I’d visited some of Scotland’s most famous castles during my 2002 visit to Edinburgh. But exploring Doune Castle during our tour with Rabbie’s felt very different, in large part because the castle was both ancient and familiar.
Almost everywhere you go around the world, horses are a source of great wonder and intrigue. They’re often depicted as the embodiment of freedom, galloping through wide open spaces with impressive grace and picturesque beauty.
These majestic animals have proven to be essential ever since they were first domesticated by Asian nomads around 4,000 years ago. Even now, they remain prominent in traditional folklore and mythology.
Although horses are often associated with having a wild spirit, the only truly wild horse alive today is the Mongolian Horse (a.k.a. Przewalski’s Horse, or Takhi).
Other horses perceived to be “wild”– such as the North American Mustang, Australian Brumby, or Namib Desert horse– are actually just feral horses who descend fromView Original
[Updated 11/3/2019] I cried tears of joy when we visited Jordan‘s ancient city of Petra, not long after we ascended a secret trail to a cliff looking down on the world-renowned Petra Treasury.
I don’t care how many times you’ve read about this expansive “rose-red city half as old as time” (as poet John William Burgon once described it).
Nothing can truly prepare you for the intense emotion and wide-eyed wonder of seeing this immense archaeological wonder in person.
From the first moment I laid eyes on Al Khazneh (a.k.a. the Treasury)– stopping dead in my tracks to marvel at a tantalizing glimpse from between the sheer sandstone cliffs of the Siq– I was mesmerized by the majesty of this otherworldly desert dream.
But thatView Original
[Updated 10/29/2019] Making recycled Christmas decorations at home is a fantastic opportunity to slow down and savor the holiday season.
It gives us a chance to spend some quality time with our family and friends, not to mention avoiding the ever-increasing consumerist trappings of the holiday season.
Using waste materials for our homemade holiday crafts is even better. It means that we aren’t producing more garbage in the course of our celebration, nor are we spending money to buy Christmas decorations we could easily make ourselves. But still, we’re fully embracing the festive spirit of the season.
When we give our DIY Christmas crafts as gifts, it means that much more, because– to paraphrase Dr. Seuss– it comesView Original
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With the rapid rise of mass tourism, summer travel to Europe has become increasingly problematic. Record-breaking heat, record-breaking visitor numbers, and horrific tourist behavior are leading to many situations where locals simply wish travelers would stop visiting.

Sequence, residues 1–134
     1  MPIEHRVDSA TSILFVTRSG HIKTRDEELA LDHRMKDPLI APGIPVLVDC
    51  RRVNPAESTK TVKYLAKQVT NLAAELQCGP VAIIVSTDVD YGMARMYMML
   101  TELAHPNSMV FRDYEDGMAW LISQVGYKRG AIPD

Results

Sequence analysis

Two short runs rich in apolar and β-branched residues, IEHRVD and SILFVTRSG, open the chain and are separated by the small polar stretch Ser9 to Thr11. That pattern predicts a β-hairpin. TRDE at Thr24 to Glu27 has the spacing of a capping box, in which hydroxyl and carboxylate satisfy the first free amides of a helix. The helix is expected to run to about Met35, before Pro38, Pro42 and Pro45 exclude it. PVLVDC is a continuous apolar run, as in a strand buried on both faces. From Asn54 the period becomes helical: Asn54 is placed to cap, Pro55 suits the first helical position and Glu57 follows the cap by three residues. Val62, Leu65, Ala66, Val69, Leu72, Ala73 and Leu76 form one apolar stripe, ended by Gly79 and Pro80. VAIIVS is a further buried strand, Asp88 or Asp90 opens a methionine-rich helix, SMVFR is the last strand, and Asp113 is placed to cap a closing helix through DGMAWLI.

But Christmas in Europe is a different beast entirely. The cold weather of European cities in winter naturally limits the number of visitors. The holiday season lends a fairytale glow to these ancient towns and historic buildings that feels positively magical.
The oldest European Christmas traditions– including Christmas markets, evergreen trees and wreaths, Yule logs, mulled wine (a.k.a. Glühwein), and Nativity scenes– date back 500 years. And some go back even further, to the paganView Original
We’re speeding down a river in Tortuguero National Park, a pristine 77,000-acre protected area at the heart of efforts to conserve the remarkable biodiversity in Costa Rica’s northeastern Limón Province.
We’re far from anything you’d call “civilization,” over 2 hours by boat from the nearest road, in remote rainforests that receive up to 250 inches of rain a year.
Tortuguero National Park is a poster child for Ecotourism in Costa Rica– a haven for nature lovers eager to get away from it all.
READ MORE: Top 20 Things To Do In Costa Rica (for Nature & History Lovers)
Allie & Mary, Rolling On The Tortuguero River Wildlife in Tortuguero
My eyes scan the dense thicket of trees that line the river, scopingView Original
Hannah Aronowitz is passionate about travel, ethical fashion, social justice, and where the three intersect. She is the Founder of Miha and the Marketing Director at MZ. Hannah splits her time between Portland, Oregon and Oaxaca, Mexico.
The Day of the Dead (Día de los Muertos) celebrations in Oaxaca are a wonder to behold, and an absolute blast to participate in. The celebrations are deeply rooted in indigenous traditions, and while the holiday is celebrated all over Mexico, it is particularly strong in Oaxaca, which has the largest indigenous population in the entire country.
Día de los Muertos highlights the unique relationship Mexicans have with death and their ancestors. Between October 31st and November 2nd (although festivities tend to start earlier and extend beyondView Original